PMS colors (also called Pantone® colors) are patented, standardized color inks made by the Pantone company. Pantone has been around for over 50 years and is responsible for the creation of the first comprehensive standardized system of creating and matching colors in the graphic community. They literally wrote the book on it.

Each of the 1,755 solid PMS colors in their Formula Guide is a Pantone proprietary blend and is sold to printers either premixed or as a formula that printers mix on their premises.


Designers use the color swatches produced exclusively by Pantone to pick the colors, and printers refer to the same swatches. This ensures everyone works to the exact same PMS color no matter where they are.

This standardization means most businesses and organizations use PMS colors for their branding, especially logos, to ensure the strictest color consistency across different print products and across the globe.

In the past few years, Pantone has been expanding its color matching system to fashion, plastics, home and lifestyle products.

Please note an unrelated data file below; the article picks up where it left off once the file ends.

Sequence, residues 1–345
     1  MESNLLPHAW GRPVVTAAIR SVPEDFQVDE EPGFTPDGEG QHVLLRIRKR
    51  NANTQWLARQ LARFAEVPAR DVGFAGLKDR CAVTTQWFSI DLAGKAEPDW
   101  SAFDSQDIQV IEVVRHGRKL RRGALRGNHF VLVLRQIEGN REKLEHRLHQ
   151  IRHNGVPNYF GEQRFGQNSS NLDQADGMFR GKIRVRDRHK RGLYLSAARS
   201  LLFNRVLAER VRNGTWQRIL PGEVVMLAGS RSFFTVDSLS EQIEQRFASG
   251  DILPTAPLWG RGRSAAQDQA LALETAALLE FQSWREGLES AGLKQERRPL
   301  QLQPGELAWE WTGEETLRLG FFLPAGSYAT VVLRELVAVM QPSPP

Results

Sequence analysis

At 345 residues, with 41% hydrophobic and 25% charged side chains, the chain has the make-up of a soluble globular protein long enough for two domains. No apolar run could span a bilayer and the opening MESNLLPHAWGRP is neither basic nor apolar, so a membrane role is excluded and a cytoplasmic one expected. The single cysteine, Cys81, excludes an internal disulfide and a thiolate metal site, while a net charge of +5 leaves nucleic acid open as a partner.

CMYK (cyan, magenta, yellow, black)

Use: Printing
Use in offset and digital printing. Ideal for full-color brochures, flyers, posters and post cards, etc.


CMYK color (also called four-color process) is actually a method whereby a combination of tiny transparent dots of four ink colors: cyan, magenta, yellow and black are printed. Different combinations of large and small CMYK transparent dots overlap each other to create a wide spectrum of colors.

Whereas a Pantone ink is one solid color throughout, a CMYK color is not. When you look at a CMYK printed piece through a magnifying glass, you can see a pattern of CMYK dots and how they overlap to make the final color.

If you magnify our three cmyk colors, you can see how the dots form the overall color. The cyan, magenta, yellow and black inks absorb colored light, which is why CMYK is a “subtractive” color model.


RGB (Red, Green, Blue)

Use: Onscreen

The most commonly used color profile in the world of computers, TV screens and mobile devices is RGB. RGB is the process by which colors are rendered onscreen by using combinations of red, green and blue.


RGB is the opposite of CMYK because it is an “additive” process. When you mix fully saturated versions of all three colors (red, green and blue) together, you get pure white. When you remove all three colors completely, you get black.